Here she is with the suspension gone before getting defiled further.
When I got this bike (a different one than I rode at Westfest, incidentally), I rode it 4 miles (from my house to my shop) and then tore it down into itty bitty pieces. This feels roughly like meeting a new girl, going on a really promising date to coffee, and then hacking her up and putting her in your refrigerator. Well, I don't know that from experience and maybe I'm exaggerating a bit. But it doesn't feel good.
In my experience, the absolute biggest flaw with the orange bikes is that they are patchily assembled. I'm not sure if there's 2 guys out of 10 that drink on the job, or what, but a couple of my Katooms have come really poorly built. This was not one of them, but Steverino's experience shows that it does happen. Your dealer ought to give the bike a careful check over, but they aren't really paid to do so and most don't. For best results in the long term, get out your grease and your loctite and your zipties, and take the bike apart then put it back together with love and attention. Maybe it won't make any difference, maybe you'll find a bunch of stuff, you'll certainly know more and have more confidence in it.
I also desmog'd/ EPC'd/ Canisterectomy'd it while I had it apart. I bought a set of CJ Racer's Blank off plates, and they are beautiful.
The SE, with open Neptune Exhausts (thank you, Andrew from AWS!), runs really, really well on 105 octane leaded racegas. Really well. Thank you, Baja Pits!
The steering damper is also key to this performance. We put on a Scott's setup, as I believe it is superior to the alternatives (everyone I know with an RTT has had it fail, both Hilslamer and Pyndon have Emig setups that didn't survive prerunning, and I don't like the feel of GPR stuff, which doesn't have an adjustable high speed circuit).
Chris Blais advised Pyn to set the high speed setting at 1 turn out, and that has proven excellent at adding stability with no tradeoff in feel, anywhere. We would dial the low speed circuit up a bit in silt just to stop the bars being wrenched from our hands, but otherwise, it was a set and forget kind of thing.
I never want to race without a horn again. It was awesome to come up on some poor sucker on a single, rev the motor, honk the horn, and watch them dive for the bushes. Seriously, I'm putting a horn on my 250 for the next Enduro I race. Awesome.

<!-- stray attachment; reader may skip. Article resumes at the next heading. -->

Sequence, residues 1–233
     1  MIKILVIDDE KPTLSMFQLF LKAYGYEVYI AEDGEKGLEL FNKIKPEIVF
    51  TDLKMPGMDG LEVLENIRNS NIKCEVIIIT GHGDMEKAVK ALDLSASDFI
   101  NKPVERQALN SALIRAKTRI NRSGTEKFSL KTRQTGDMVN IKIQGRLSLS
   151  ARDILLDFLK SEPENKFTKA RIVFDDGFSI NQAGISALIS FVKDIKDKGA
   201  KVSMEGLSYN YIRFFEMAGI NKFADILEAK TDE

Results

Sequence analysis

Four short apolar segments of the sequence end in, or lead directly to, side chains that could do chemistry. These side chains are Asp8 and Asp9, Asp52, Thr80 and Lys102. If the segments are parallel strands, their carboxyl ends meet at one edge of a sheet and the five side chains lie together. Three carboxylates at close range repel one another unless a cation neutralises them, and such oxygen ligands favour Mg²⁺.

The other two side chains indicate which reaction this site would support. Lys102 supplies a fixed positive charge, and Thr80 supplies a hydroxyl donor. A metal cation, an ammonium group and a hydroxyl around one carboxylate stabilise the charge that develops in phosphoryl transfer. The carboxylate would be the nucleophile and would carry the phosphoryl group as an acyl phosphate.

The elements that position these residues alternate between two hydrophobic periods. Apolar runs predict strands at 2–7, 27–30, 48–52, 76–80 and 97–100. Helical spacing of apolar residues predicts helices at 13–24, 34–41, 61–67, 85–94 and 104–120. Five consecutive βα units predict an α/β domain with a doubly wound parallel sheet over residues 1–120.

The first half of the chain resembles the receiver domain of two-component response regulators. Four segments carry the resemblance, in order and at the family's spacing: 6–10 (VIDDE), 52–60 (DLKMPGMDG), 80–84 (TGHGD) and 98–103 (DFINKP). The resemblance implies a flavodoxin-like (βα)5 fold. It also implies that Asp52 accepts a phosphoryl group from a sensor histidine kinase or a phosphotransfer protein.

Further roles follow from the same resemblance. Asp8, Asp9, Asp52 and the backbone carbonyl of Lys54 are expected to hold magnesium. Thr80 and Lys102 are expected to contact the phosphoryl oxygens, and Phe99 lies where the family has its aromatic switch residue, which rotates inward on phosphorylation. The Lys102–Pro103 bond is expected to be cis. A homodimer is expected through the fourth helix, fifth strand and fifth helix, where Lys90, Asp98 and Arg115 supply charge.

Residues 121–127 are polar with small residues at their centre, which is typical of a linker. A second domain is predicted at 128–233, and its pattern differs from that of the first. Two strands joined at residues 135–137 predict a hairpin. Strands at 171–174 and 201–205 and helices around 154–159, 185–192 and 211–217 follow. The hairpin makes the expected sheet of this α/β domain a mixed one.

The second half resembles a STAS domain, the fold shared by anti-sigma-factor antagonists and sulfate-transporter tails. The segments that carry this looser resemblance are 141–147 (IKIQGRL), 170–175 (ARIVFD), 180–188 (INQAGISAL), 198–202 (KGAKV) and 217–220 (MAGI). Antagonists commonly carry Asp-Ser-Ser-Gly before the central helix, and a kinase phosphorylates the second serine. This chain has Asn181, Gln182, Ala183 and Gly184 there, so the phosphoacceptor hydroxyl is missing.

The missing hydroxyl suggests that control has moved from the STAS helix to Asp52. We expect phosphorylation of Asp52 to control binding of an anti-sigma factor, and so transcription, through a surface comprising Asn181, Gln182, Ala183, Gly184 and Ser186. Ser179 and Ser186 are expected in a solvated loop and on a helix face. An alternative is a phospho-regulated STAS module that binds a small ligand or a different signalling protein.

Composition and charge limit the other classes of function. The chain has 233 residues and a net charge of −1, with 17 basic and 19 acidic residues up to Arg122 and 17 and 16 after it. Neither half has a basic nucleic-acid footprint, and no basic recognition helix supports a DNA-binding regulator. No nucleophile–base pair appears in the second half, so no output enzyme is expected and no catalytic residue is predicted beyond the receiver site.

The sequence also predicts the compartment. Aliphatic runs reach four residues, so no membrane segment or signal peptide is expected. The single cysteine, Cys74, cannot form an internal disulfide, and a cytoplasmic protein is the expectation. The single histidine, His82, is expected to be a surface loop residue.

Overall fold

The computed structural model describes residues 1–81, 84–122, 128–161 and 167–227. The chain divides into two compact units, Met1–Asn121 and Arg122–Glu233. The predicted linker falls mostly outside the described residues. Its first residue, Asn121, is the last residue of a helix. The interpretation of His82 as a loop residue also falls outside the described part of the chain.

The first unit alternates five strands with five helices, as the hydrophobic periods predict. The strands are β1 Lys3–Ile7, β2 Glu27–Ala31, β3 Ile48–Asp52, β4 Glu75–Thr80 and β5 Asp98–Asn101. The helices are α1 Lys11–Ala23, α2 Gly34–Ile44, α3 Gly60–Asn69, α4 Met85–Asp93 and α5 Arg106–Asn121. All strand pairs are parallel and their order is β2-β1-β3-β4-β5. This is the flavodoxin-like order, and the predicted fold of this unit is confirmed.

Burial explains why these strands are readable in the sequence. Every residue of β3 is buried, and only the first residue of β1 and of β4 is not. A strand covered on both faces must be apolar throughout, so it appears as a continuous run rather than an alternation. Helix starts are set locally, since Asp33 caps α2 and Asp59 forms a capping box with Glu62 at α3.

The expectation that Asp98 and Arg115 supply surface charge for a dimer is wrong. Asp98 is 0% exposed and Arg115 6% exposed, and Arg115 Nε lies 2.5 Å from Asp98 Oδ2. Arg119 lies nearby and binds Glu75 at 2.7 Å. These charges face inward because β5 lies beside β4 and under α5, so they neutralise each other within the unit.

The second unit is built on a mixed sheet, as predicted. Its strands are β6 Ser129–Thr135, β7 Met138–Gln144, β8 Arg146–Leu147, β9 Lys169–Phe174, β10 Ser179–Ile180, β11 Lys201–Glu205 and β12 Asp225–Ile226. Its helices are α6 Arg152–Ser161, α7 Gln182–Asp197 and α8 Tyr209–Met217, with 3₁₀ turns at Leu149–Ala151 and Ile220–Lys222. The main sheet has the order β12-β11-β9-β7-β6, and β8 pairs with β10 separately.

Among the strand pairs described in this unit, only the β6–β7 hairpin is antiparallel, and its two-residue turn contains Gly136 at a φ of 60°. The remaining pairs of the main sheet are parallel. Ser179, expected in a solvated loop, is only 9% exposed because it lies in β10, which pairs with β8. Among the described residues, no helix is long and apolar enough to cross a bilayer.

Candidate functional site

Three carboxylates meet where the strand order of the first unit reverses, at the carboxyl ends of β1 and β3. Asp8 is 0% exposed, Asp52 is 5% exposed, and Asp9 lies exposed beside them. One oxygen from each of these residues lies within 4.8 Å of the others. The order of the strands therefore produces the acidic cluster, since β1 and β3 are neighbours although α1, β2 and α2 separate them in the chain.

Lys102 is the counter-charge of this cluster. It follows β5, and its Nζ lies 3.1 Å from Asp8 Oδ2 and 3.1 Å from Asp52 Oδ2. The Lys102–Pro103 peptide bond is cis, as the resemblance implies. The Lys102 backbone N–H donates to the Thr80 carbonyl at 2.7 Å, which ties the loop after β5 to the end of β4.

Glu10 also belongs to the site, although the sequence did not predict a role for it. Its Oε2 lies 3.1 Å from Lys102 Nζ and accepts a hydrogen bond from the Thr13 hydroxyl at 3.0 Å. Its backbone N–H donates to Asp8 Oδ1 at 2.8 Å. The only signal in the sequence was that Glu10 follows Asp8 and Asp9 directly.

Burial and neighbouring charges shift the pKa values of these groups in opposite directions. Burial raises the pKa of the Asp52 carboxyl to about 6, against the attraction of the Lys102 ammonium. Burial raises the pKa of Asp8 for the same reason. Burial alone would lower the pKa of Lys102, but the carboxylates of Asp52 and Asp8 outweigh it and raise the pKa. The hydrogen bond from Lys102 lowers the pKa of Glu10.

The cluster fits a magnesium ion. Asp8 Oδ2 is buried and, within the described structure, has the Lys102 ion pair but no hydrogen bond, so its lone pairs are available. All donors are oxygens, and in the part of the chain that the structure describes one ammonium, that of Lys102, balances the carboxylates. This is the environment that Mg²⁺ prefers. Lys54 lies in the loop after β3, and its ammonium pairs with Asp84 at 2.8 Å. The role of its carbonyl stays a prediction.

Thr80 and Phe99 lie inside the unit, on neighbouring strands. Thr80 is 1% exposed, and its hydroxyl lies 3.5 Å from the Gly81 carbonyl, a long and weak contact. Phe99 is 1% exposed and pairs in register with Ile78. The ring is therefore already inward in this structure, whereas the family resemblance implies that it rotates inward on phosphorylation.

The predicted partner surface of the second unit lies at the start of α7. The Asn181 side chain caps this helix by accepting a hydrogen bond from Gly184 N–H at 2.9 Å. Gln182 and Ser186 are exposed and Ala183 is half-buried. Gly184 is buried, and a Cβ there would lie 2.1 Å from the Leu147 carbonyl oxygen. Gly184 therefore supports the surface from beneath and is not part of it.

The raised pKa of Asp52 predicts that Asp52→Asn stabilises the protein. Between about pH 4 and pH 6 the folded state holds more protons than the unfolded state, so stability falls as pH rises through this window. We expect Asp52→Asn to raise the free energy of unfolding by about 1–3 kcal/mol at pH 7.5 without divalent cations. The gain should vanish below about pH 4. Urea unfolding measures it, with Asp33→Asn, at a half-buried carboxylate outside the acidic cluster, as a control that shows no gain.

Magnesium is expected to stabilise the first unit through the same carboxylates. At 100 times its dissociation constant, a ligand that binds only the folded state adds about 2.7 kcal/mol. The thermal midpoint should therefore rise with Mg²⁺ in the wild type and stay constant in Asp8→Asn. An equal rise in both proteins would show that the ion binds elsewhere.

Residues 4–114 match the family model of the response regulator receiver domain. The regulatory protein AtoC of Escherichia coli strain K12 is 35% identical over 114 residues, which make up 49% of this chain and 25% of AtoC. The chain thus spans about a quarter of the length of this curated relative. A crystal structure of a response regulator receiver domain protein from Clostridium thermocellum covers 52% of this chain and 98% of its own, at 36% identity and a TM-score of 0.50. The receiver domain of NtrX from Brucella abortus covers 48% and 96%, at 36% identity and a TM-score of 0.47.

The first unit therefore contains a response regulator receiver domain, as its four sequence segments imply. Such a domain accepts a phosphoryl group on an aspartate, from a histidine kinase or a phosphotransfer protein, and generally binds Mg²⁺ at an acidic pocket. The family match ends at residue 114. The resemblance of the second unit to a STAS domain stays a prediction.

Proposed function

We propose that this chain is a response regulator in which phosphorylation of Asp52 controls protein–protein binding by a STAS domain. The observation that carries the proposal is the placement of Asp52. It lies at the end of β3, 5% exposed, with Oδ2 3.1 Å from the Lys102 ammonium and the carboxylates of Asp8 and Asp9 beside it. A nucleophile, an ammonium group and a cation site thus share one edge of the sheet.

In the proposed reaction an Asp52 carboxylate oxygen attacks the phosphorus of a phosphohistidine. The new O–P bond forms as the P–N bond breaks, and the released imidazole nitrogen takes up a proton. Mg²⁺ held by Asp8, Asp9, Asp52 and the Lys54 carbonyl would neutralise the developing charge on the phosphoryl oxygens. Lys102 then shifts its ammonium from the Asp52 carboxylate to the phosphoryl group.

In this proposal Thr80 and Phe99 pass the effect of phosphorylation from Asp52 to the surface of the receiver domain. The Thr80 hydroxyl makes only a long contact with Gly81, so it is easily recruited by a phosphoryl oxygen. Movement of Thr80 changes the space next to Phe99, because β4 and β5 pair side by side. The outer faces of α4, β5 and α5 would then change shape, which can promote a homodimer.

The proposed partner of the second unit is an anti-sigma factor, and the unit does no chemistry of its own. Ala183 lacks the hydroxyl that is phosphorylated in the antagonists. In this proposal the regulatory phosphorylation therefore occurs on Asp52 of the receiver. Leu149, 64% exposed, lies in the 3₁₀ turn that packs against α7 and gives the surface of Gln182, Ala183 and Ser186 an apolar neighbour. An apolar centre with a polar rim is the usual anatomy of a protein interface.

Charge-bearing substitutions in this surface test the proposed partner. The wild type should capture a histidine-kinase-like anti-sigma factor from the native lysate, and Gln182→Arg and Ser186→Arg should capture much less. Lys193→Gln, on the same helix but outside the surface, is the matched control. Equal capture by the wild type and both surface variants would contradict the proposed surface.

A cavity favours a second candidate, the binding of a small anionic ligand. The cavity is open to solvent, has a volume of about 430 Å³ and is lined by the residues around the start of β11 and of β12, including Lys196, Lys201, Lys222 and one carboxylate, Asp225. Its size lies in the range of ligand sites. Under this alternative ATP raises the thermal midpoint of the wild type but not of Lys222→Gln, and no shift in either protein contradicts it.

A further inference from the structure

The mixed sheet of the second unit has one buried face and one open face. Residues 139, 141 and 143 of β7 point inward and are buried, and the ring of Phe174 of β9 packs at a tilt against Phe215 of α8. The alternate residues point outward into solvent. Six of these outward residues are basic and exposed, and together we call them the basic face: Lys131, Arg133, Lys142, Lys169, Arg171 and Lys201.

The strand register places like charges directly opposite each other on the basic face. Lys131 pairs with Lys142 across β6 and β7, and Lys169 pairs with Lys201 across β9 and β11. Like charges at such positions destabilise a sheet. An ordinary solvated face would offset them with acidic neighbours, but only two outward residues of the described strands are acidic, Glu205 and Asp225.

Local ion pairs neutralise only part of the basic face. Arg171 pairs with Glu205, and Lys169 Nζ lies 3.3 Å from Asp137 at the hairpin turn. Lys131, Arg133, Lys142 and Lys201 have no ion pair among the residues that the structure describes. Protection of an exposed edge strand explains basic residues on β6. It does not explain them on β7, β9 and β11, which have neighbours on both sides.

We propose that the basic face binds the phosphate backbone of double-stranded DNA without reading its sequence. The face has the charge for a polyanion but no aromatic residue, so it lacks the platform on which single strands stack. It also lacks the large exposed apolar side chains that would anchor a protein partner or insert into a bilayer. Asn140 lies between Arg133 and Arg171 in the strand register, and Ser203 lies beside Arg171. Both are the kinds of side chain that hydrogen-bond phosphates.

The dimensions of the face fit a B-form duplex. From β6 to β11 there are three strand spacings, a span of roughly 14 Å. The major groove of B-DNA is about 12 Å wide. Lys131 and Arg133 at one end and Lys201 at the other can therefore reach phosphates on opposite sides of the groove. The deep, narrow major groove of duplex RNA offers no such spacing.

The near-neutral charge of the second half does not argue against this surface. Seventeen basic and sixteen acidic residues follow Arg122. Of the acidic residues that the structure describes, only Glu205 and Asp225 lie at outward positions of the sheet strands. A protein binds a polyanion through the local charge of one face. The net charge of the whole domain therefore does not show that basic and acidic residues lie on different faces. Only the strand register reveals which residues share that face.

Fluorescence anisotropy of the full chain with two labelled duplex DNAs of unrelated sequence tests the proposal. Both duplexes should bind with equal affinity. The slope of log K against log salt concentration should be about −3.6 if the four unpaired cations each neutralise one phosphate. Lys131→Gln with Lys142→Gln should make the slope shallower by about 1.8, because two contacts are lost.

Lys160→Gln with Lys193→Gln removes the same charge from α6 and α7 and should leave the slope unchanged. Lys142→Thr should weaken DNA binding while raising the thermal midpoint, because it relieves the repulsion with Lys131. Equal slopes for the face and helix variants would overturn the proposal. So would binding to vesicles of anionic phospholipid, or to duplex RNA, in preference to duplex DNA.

This is a Baja Designs Sol-tek Halogen light, tight focus, with a 100 w bulb, and it was bitchin' in the race. I had helmet lights also, and wound up not running them much at all.
Kurt from Black Dog Cycle Works (Blackdogcw.com), who also makes an adventure skidplate, helped us develop a skidplate for the SE.
This is about the 4th revision- each time, we're able to narrow in a little more on exactly what is needed, and this final version is very close. It's form fitting but with some "crush zone", it's very strong, and in 1300 miles of rocks and bottoming in whoops and every other kind of abuse we could throw at it, it worked perfectly and came through unscathed, save a bunch of scratches.
Our Superplush suspension was fantastic for the race. We made a conscious decision to trade off whoop performance for rock/chop performance, because we knew there was about 100 miles of whoops and about 1200 miles of rocks and chop... the bike was so stable in the latter, it required almost no management at all. Just point and shoot. We did bottom hard a few times on booby traps and unexpected whoops... we are working on one more revision with James, which we think will retain most of the plushness while adding a little more bottoming control.
Compared to stock, though, it's a different bike. In Sipapu, I remember riding through rock gardens with my sphincter in diamond creation mode. On this bike, you could take your hand off the bar and wave- it's way, way better.
The 908RR rear has completely reinvented what is possible for dualsport, in my opinion. No other tire even comes close on durability. I tested a Karoo rear and a Michelin Desert as well- the 908 performed better than the Desert and was much more durable, and while I really like how the Karoo works, I can take it off in about 20 miles if I'm careless with the throttle.
Getting back to the point, though, Pyndon did an ironbutt to get from Texas to the race, we rode the racecourse top to bottom and back up again, keeping a reasonable pace on dirt and pavement alike, and through it all, we didn't have to worry about tire longevity at all. It totally changes the rules.
The 908 also makes excellent smoke clouds at the finish line.
The Riders (l to r): Ned " Neduro" Suesse, Lyndon "Pyndon" Poskitt, Tim "Hilslamer" Hillsamer, Geoff Brownell.
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